Soon after a disastrous COVID-19 curfew, a high-ranking Turkish minister announced his resignation which was promptly rejected, writes Ben Donaldson.
AT ABOUT nine o’clock on the evening of Sunday 12 April, Turkish Minister of the Interior Süleyman Soylu announced his resignation from government. It came only a few hours before a total weekend lockdown was due to expire. While the curfew was largely adhered to, its announcement – made late on the Friday night prior, just hours before it was due to commence – was disastrous.
Caught by surprise, Turks across the country rushed out to buy supplies, seriously disrupting the social distancing efforts that had been in place for a number of weeks. Huge queues formed outside bakeries and late-night supermarkets, with hundreds of people pressing close together in order to secure their essentials. In some cities, the sudden chaos saw brawls erupting in the street.
In fact, bakeries were to remain open all weekend and people would still have been allowed to go out for essential supplies. But whether or not this fact was actually communicated in the government decree, it was lost in the storm of rumour and speculation that followed. Some suspected, perhaps, that the 48 hours were simply a pretext for an extended curfew which might last even longer.
This uncertainty was not helped by the fact that the Government neglected to give prior notice to local municipalities – and even some of their own ministries – of the impending announcement. This included in Istanbul, where almost 60% of the country’s almost 145,000 cases are located. Istanbul mayor Ekrem Imamoglu tweeted that, as he had been given no prior notice, he had no idea which metropolitan services and infrastructure were to be online the next day.
In short, for a few hours on that Friday night, weeks of carefully calibrated government health policy were upended by pandemonium. Turkey had reported its first case of COVID-19 comparatively late, on 11 March. It had had months to observe what had already happened in China as the outbreak there entered into the final stages of its decline (though whether this lasts is another question) and in Europe as Italy and Spain began racing exponentially towards the heights of their crises.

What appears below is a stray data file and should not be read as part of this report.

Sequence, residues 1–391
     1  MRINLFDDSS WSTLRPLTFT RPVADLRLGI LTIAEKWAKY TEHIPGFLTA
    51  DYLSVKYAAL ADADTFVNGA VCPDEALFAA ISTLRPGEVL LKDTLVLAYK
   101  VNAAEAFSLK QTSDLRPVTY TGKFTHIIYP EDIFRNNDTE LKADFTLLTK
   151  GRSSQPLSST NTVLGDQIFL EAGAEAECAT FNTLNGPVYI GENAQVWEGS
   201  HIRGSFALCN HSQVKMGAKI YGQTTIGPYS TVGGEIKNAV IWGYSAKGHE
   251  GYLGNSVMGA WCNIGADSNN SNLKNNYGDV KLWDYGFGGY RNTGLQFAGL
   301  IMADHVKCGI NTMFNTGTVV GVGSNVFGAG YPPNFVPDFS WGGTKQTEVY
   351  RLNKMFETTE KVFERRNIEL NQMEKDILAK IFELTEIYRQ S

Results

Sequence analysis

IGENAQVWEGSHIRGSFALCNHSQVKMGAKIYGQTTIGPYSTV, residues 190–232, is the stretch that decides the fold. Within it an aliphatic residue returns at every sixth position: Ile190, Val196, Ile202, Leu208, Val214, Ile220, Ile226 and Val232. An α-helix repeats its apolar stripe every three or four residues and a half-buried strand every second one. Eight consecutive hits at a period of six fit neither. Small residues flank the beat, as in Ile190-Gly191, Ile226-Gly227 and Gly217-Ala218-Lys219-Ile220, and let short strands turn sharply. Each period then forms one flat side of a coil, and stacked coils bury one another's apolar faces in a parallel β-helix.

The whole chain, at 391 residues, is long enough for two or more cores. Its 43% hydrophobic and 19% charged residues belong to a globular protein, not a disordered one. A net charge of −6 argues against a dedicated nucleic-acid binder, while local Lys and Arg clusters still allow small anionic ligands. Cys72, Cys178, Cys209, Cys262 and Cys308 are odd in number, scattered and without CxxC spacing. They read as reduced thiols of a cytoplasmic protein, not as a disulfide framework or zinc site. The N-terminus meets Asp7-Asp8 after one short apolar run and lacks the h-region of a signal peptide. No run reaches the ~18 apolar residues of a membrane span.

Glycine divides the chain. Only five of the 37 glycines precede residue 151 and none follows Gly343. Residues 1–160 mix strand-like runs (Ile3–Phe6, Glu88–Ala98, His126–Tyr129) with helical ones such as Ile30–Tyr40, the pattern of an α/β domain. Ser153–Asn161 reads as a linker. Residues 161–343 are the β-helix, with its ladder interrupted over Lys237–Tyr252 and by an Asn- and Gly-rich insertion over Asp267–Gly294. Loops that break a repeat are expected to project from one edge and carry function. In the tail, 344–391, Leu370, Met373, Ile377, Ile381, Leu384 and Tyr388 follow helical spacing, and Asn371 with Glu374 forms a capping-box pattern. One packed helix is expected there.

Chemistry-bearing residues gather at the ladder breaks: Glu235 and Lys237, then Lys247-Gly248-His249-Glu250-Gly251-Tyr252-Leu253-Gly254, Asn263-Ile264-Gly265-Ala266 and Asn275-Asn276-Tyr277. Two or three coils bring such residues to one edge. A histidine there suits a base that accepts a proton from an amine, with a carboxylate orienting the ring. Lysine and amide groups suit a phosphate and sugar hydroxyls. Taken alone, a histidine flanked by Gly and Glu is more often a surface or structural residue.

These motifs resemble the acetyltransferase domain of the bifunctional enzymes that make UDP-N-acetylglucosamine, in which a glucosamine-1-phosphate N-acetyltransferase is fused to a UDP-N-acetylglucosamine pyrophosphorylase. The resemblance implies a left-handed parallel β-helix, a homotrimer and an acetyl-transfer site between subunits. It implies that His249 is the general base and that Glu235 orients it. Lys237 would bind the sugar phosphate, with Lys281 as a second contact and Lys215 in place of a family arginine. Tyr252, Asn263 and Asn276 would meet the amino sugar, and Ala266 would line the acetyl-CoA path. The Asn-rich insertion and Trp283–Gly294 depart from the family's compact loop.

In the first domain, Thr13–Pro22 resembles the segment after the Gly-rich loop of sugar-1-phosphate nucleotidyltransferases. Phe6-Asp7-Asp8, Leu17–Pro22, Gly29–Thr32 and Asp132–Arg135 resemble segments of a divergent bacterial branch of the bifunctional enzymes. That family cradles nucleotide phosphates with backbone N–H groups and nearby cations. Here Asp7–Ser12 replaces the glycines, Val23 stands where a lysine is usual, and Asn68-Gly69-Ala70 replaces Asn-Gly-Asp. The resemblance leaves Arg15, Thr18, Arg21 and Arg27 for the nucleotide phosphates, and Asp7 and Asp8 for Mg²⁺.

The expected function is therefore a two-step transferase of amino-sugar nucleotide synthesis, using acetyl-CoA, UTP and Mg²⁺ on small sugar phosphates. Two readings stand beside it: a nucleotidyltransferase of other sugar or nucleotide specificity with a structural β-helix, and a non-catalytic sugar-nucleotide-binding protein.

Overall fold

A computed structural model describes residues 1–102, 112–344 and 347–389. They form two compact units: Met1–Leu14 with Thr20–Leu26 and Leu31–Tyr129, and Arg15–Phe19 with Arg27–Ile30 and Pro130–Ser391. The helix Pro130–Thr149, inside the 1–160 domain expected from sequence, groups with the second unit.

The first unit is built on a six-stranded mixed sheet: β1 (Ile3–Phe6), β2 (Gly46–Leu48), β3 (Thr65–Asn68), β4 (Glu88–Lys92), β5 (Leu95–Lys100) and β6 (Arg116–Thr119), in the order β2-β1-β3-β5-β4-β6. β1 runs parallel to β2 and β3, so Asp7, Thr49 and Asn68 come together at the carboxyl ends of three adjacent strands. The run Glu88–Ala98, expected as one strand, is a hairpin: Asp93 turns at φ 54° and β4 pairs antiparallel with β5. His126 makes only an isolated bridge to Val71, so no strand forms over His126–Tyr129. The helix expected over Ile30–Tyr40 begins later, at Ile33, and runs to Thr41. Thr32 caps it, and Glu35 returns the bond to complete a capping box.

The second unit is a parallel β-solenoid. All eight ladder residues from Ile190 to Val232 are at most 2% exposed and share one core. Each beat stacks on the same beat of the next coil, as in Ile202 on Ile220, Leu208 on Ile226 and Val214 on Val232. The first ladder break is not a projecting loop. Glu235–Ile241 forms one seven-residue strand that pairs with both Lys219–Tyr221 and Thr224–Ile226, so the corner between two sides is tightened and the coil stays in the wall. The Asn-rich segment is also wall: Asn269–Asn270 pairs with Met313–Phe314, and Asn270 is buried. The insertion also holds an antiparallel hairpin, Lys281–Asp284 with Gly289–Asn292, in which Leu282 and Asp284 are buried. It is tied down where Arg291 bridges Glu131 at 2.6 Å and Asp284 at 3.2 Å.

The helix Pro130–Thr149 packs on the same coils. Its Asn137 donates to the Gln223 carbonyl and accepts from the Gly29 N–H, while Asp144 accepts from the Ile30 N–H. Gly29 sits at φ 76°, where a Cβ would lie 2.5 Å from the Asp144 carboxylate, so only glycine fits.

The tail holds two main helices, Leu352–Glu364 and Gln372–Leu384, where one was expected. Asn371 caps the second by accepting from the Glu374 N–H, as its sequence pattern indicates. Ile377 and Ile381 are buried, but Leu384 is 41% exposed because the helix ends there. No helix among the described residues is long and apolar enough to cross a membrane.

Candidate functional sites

Despite some early delays, including a slow response to the return of pilgrims from Saudi Arabia – many of whom slipped through quarantine protocols and contributed the virus’s geographic spread to all of Turkey’s 81 provinces – the Government had otherwise tried to act quickly and decisively. The day after that first case was confirmed, the Ministry of Education announced the closure of all schools and universities and the movement to an online education platform nationwide – the first country after China worldwide to do so.
Within a week, most other places of public gathering were likewise closed down or strictly controlled. In China, such measures did not begin to come into place until weeks after the virus began to attract attention on 31 December 2019. In Italy, it was three weeks after the first cases were announced before quarantine measures were introduced.